[Python-Dev] Support for "wide" Unicode characters

Guido van Rossum guido@digicool.com
Sun, 01 Jul 2001 09:44:29 -0400

> <PEP: 261>
>    The problem I have with this PEP is that it is a compile time option
> which makes it hard to work with both 32 bit and 16 bit strings in one
> program. Can not the 32 bit string type be introduced as an additional type?

Not without an outrageous amount of additional coding (every place in
the code that currently uses PyUnicode_Check() would have to be
bifurcated in a 16-bit and a 32-bit variant).

I doubt that the desire to work with both 16- and 32-bit characters in
one program is typical for folks using Unicode -- that's mostly
limited to folks writing conversion tools.  Python will offer the
necessary codecs so you shouldn't have this need very often.

You can use the array module to manipulate 16- and 32-bit arrays, and
you can use the various Unicode encodings to do the necessary

> > u[i] is a character. If u is Unicode, then u[i] is a Python Unicode
> > character.
>    This wasn't usefully true in the past for DBCS strings and is not the
> right way to think of either narrow or wide strings now. The idea that
> strings are arrays of characters gets in the way of dealing with many
> encodings and is the primary difficulty in localising software for Japanese.

Can you explain the kind of problems encountered in some more detail?

> Iteration through the code units in a string is a problem waiting to bite
> you and string APIs should encourage behaviour which is correct when faced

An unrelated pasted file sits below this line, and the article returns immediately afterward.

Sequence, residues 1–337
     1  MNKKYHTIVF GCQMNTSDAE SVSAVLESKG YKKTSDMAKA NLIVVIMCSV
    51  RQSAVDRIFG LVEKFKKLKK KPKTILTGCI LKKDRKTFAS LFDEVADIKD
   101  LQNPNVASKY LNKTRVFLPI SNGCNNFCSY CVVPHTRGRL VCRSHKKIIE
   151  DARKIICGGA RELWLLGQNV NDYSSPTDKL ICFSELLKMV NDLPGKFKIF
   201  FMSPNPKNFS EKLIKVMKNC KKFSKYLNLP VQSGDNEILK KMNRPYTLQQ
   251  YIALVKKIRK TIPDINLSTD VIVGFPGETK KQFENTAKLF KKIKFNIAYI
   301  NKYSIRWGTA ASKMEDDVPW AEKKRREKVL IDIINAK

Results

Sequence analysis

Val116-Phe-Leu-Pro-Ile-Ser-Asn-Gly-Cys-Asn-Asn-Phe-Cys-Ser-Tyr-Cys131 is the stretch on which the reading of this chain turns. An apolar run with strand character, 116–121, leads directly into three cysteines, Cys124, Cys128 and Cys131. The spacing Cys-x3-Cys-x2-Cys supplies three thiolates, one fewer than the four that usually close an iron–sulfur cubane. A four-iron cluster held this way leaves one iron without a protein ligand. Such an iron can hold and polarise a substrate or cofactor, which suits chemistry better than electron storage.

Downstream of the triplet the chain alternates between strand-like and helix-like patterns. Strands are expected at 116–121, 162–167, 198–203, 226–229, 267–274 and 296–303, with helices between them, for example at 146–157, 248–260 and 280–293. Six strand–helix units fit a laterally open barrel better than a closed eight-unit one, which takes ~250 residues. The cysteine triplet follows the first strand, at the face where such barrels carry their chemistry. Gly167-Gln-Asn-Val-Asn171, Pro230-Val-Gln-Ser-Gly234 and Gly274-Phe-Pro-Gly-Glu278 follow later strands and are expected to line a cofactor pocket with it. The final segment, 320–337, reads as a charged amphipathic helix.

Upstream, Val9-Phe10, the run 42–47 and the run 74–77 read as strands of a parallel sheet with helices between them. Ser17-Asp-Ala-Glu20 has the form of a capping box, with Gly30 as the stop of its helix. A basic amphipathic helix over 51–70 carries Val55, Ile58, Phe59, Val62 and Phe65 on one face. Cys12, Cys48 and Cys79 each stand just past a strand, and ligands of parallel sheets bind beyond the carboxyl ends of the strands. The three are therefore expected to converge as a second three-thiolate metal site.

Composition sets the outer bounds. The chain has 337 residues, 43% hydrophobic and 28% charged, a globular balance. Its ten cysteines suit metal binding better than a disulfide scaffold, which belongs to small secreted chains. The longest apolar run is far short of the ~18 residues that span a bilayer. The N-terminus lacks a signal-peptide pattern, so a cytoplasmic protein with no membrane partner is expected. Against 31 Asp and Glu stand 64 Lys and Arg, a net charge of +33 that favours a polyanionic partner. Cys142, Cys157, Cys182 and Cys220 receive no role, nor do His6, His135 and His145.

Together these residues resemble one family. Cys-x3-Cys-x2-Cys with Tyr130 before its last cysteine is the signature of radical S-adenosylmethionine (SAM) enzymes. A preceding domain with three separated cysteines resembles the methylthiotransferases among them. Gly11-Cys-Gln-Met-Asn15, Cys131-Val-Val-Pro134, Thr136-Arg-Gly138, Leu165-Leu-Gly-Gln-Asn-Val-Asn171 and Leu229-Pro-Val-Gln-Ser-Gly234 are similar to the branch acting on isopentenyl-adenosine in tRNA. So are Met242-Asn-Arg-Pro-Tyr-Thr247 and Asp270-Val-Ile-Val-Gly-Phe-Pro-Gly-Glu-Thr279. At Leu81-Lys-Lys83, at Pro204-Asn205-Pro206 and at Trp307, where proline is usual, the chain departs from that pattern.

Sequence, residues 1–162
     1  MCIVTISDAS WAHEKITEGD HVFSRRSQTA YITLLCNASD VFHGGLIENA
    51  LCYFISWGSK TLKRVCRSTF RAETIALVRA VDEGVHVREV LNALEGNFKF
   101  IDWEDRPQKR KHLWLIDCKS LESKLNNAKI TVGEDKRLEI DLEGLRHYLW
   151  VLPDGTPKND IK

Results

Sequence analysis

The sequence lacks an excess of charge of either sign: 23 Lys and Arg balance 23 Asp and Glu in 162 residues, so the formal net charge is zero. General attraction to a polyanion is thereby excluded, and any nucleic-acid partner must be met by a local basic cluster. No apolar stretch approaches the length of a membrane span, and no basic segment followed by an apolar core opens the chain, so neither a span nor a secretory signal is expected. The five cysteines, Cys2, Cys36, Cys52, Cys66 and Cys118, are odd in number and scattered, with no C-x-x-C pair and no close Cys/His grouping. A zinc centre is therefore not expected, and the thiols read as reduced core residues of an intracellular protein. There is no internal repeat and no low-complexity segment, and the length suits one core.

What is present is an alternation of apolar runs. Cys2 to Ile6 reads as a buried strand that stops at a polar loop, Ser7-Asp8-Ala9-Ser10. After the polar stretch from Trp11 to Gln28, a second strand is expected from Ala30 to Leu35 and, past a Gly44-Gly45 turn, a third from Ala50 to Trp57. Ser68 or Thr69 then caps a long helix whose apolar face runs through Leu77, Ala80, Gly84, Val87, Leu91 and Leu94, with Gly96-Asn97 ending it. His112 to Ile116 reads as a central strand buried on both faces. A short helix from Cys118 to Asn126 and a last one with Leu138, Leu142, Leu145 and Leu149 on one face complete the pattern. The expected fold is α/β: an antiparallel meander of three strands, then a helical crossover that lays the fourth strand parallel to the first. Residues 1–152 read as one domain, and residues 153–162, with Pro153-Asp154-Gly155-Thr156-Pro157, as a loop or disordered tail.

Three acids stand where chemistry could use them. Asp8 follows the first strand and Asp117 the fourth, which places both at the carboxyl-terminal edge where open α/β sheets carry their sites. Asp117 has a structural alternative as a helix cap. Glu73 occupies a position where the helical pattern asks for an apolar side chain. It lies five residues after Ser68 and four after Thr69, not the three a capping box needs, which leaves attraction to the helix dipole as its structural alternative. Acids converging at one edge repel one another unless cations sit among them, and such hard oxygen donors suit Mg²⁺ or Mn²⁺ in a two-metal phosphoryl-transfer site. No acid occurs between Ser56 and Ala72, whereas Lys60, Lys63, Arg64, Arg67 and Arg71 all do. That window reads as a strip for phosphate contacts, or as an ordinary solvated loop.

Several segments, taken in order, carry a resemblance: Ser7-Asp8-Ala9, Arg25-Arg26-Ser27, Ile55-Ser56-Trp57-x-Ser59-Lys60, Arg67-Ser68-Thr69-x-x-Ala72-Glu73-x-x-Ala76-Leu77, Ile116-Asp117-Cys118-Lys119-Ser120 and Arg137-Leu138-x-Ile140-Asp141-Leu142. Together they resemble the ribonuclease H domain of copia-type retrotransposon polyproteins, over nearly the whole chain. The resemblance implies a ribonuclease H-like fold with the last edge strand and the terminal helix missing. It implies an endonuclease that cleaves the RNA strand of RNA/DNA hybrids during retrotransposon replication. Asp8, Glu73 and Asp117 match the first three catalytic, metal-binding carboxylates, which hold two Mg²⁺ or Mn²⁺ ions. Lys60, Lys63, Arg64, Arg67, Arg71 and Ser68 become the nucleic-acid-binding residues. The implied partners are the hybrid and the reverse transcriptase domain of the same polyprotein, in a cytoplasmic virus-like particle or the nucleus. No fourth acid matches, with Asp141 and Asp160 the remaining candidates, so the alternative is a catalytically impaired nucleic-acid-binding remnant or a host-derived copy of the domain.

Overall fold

> with variable width characters, both DBCS and UTF style.

But this is not the Unicode philosophy.  All the variable-length
character manipulation is supposed to be taken care of by the codecs,
and then the application can deal in arrays of characteres.
Alternatively, the application can deal in opaque objects representing
variable-length encodings, but then it should be very careful with
concatenation and even more so with slicing.

> Iteration over
> variable width characters should be performed in a way that preserves the
> integrity of the characters. M.-A. Lemburg's proposed set of iterators could
> be extended to indicate encoding "for c in s.asCharacters('utf-8')" and to
> provide for the various intended string uses such as "for c in
> s.inVisualOrder()" reversing the receipt of right-to-left substrings.

I think it's a good idea to provide a set of higher-level tools as
well.  However nobody seems to know what these higher-level tools
should do yet.  PEP 261 is specifically focused on getting the
lower-level foundations right (i.e. the objects that represent arrays
of code units), so that the authors of higher level tools will have a
solid base.  If you want to help author a PEP for such higher-level
tools, you're welcome!

--Guido van Rossum (home page: http://www.python.org/~guido/)